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Photography Goals for 2015

The new year is upon us and like most people you are probably thinking about your New Year’s resolutions and goals for 2015. Here are a couple of suggestions that will help you improve your photography for next year:

Quality – not Quantity

Too many photographers seem to be shooting in the “Infinite Monkey” mode these days.  Make 2015 the year you strive to shoot fewer but better quality images.  Take time to think about your shots, why are you creating this image, take the time to compose your image thoughtfully and carefully.

Shoot in Manual (or at least one of the 2 priority modes)

The Auto, Scene Modes, and Program mode on your camera are quite good.  These modes free the photographer from thinking about the camera settings so that they can concentrate on creating the image.  However, these modes sometimes make us lazy and leads us to shoot more and faster.  When I shoot in Manual I am forced to slow down and really think about the image before I shoot it, or realize after I shot it, “oops, I forgot to change the _________ setting.”  Shooting in Manual is a good exercise and makes you think about the consequences of the shutter speed, aperture, and ISO settings you are using.  The 2 priority modes are where I typically shoot, because it still gives me control over what I am interested in controlling the most: Depth of field (Aperture Priority) or Motion (Shutter Priority).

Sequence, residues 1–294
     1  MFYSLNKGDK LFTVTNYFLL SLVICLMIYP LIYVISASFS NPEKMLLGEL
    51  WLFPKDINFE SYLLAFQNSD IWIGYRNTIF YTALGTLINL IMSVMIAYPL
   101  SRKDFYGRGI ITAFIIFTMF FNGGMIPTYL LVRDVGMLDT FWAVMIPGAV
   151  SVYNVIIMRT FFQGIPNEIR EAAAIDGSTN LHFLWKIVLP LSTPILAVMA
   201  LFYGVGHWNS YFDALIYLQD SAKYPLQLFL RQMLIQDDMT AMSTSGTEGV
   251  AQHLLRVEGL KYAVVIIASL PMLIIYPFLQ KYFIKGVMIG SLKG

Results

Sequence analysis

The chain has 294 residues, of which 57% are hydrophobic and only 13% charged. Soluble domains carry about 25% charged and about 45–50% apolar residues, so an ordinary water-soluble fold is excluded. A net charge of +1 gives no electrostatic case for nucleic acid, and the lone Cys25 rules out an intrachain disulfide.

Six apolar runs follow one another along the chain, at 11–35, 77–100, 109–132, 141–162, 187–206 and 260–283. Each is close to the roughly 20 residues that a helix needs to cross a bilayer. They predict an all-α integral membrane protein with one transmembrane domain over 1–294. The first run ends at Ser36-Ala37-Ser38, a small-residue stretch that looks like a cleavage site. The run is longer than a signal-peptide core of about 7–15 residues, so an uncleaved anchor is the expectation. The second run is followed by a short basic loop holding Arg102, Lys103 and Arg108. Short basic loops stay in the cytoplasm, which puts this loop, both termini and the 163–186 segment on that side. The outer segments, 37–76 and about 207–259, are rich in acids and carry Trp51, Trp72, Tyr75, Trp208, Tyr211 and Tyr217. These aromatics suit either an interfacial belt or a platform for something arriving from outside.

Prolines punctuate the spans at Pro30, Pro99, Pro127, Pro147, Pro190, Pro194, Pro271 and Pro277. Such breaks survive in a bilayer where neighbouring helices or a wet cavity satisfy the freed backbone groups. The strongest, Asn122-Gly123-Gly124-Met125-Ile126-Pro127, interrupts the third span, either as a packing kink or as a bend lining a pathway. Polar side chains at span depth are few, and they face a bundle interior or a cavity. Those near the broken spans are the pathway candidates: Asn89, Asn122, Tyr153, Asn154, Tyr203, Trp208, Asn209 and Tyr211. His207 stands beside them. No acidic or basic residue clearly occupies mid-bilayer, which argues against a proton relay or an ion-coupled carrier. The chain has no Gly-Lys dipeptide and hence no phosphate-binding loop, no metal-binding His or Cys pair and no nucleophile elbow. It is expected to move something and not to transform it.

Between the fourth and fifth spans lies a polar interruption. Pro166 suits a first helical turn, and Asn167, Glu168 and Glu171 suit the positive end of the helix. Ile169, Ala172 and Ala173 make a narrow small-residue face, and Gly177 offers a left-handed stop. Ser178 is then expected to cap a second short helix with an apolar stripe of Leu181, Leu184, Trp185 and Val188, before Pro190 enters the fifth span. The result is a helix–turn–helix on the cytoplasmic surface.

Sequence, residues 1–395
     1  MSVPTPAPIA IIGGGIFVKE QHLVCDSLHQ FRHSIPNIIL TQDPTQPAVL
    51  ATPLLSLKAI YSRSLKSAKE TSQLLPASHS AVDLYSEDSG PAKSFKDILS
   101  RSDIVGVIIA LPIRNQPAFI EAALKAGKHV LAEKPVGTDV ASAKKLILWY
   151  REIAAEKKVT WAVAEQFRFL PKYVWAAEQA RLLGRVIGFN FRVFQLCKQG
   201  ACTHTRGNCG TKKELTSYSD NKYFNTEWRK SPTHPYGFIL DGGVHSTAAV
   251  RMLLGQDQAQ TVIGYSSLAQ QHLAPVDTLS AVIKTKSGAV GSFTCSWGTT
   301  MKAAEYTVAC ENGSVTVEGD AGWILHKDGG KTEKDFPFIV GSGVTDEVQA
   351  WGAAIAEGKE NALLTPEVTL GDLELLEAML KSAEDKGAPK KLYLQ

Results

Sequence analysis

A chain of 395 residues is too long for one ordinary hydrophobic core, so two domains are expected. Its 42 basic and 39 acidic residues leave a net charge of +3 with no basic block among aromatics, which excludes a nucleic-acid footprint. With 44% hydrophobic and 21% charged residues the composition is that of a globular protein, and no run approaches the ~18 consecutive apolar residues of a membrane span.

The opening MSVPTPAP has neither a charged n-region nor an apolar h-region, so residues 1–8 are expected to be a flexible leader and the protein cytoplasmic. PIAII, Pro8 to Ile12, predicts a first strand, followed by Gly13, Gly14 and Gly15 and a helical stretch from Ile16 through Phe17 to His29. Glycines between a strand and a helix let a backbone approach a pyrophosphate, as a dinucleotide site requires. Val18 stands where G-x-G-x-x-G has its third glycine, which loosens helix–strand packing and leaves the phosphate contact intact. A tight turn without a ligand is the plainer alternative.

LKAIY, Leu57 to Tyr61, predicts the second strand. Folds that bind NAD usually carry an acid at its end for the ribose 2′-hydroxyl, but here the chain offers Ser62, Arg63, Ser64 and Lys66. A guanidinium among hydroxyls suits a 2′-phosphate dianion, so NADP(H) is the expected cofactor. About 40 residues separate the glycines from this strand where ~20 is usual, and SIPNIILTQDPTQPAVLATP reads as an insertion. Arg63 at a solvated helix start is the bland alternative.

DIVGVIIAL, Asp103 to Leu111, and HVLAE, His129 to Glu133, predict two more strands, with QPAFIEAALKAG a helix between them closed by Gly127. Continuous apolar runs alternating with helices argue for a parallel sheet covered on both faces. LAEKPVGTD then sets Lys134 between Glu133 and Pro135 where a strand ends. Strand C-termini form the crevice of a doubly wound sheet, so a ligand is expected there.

Use Raw for it’s intended purpose

I see this way too often.  A photographer takes a picture, then thinks or says “I will fix that in Photoshop”.  Raw was never intended to be a tool to “fix” your images.  It is intended to provide the photographer with all of the data that has not been processed.  One of the biggest secrets to shooting in raw is to strive to get your exposure and white balance correct at the time you shoot the image.  This frees you up to do the editing rather than the fixing.

Try something different

Sometimes we get in a rut and stuck in our ways.  If you primarily shoot landscapes, try shooting portraits instead.  If you are a bird or wildlife photographer, try shooting architecture instead.  Not only will this broaden your skills, but you might find that you enjoy another aspect of photography.


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